Feeling overwhelmed by your finances? Staring vacantly at a pile of credit card bills, bank statements, department store bills, and mortgage statements and on and on? We all live busy lives these days and sometimes there are just not enough hours in the day to handle all the financial issues we face. This is especially true if you have a family with children and both you and your spouse work. By the time the work day’s over, the dishwasher’s loaded and the kids in bed, all you probably want to do is crash on the couch and watch a couple of hours of television before heading off to bed.
Take heart. You can simplify your financial life and in just 21 days. Here’s what you need to do.
Cut down on the number of your accounts
We don’t know whether or not you’re average but if you are you have at least four credit cards and maybe more. In fact, if you count up the number of credit cards held by both you and your spouse it could be as many as six or even seven. Then there are your debit cards, investment accounts and savings accounts. It wouldn’t be surprising if you have 15 or even 20 different accounts to deal with every month. When you have this many accounts it just adds complexity to your already complicated financial life. This can also open the door to fraud. There was a survey done in 2012 that found people have an average of 26 different online accounts but only five different passwords. That’s understandable as to how many people do you suppose can remember more than five? But if you mercilessly close accounts you don’t really need or use, you can simplify your life and reduce the odds that you’ll be scammed.
However, when it comes to closing credit cards keep in mind that 30% of your credit score is based on your credit history. When you close credit cards this shrinks your credit history and can have a negative effect on your credit score. You can keep this damage to the minimum by closing the accounts you opened most recently.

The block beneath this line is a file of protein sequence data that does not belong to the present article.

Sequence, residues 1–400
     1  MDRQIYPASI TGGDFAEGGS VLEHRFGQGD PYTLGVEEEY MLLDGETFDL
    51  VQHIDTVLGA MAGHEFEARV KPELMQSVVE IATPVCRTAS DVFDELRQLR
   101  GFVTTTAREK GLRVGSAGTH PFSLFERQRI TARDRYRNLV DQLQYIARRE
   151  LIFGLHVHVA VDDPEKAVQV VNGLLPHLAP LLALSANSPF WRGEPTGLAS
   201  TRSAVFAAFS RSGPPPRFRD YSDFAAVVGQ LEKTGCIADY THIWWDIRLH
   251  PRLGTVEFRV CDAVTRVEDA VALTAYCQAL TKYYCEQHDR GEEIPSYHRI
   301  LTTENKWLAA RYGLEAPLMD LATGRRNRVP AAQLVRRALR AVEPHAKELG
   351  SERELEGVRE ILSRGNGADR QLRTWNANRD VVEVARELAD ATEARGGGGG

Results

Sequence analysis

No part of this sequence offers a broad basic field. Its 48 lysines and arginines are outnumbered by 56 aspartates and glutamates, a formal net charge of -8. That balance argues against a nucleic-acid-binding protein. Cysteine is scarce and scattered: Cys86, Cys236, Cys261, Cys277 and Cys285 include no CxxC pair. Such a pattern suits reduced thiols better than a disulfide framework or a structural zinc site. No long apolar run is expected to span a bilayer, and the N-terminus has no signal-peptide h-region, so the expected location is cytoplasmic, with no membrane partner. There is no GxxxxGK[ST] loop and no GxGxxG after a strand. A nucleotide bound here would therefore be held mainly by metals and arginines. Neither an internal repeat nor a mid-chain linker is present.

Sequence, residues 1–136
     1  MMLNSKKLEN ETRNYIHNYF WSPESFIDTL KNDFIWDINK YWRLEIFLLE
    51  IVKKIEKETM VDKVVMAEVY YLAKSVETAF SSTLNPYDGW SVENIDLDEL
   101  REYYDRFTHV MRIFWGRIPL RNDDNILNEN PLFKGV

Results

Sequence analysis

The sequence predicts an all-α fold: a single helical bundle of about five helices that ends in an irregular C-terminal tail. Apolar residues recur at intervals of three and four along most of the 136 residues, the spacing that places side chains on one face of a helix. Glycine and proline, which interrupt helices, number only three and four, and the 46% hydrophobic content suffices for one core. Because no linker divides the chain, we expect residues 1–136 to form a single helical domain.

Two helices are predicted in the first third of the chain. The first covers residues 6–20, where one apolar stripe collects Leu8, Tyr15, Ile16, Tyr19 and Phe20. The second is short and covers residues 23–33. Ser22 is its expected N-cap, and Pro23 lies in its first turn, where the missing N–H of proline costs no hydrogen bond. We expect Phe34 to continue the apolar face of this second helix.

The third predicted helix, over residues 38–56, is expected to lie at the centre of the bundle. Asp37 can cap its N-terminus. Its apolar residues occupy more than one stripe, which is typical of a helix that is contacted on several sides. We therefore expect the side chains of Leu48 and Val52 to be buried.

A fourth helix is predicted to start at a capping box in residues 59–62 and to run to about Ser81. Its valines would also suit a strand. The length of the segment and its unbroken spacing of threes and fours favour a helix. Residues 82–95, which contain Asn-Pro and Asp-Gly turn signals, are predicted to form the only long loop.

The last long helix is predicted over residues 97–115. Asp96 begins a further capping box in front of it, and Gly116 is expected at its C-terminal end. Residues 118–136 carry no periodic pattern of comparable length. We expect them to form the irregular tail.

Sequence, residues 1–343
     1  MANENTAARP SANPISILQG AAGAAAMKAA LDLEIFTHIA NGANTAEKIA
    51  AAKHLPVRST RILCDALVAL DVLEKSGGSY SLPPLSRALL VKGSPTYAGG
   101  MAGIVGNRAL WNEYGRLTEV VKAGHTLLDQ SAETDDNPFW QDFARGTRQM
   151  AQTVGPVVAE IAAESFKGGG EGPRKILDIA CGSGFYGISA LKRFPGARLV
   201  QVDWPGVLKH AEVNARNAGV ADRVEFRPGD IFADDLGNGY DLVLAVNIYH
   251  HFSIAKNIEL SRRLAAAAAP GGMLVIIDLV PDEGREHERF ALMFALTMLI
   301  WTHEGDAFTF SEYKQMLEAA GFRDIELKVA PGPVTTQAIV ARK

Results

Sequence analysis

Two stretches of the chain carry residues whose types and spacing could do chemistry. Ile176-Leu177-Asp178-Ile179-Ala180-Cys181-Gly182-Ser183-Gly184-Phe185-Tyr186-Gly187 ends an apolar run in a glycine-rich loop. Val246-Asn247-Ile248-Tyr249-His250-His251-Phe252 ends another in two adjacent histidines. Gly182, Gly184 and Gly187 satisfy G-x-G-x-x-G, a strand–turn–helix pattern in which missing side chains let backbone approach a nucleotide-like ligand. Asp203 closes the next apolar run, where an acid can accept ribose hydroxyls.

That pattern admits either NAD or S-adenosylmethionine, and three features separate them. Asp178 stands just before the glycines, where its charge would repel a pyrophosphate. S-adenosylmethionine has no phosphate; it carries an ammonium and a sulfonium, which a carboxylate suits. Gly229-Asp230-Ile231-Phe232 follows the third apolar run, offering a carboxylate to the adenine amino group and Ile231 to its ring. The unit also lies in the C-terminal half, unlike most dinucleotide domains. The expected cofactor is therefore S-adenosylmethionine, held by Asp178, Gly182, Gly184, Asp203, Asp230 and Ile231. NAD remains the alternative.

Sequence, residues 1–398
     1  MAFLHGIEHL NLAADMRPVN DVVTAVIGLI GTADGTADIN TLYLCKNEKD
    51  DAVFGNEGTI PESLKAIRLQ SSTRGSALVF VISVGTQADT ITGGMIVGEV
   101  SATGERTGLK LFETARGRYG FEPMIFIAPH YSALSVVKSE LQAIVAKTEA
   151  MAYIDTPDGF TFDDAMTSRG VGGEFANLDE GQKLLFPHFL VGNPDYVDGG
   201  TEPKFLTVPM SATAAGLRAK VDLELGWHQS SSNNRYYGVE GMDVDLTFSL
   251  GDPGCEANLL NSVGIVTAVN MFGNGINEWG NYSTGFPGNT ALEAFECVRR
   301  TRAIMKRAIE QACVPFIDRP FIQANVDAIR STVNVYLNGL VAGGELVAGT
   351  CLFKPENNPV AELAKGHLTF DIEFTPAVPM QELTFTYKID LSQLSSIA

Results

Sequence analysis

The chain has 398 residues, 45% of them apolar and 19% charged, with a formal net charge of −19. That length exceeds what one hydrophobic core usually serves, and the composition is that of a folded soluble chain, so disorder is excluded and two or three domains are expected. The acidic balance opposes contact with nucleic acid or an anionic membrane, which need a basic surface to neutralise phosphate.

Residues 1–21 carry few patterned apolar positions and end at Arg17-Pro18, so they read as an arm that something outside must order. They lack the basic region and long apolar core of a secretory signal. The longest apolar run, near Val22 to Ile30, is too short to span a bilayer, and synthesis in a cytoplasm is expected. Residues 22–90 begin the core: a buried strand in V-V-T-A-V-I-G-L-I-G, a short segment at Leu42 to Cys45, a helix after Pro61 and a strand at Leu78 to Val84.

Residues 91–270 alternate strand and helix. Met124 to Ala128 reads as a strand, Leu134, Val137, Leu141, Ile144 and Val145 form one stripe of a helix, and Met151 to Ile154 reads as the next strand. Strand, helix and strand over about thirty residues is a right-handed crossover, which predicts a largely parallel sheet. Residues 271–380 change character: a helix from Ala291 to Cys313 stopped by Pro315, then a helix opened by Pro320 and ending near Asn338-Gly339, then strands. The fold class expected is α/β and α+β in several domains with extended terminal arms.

For those accounts you keep open, be sure to review your passwords. Research has found that the most popular password is the word password followed by things such as abc123 and 123456. If you have passwords like these you need to create strong new ones. There are sites where it’s easy to do just this. You will probably need to make a list of your new passwords and keep it handy until you have them memorized. But don’t put this list somewhere at work where it would be easy to find.
Cancel (or pretend to cancel) all of your services
Review year recurring expenses by going through all of your spending. Cancel any services you don’t really use. Then pretend you are going to cancel the others by calling up the lender or vendor and suggesting that you are about to cancel. You may be surprised at what they may be willing to do to keep you as a customer. Also, keep an eye out for little things such as that international calling plan you don’t really use. Find 10 tiny expenditures for things you don’t really need and you could save $50 a month or even more. Plus, you will also be simplifying your financial life.
Set aside four or five hours this weekend to rid yourself of everything you don’t really need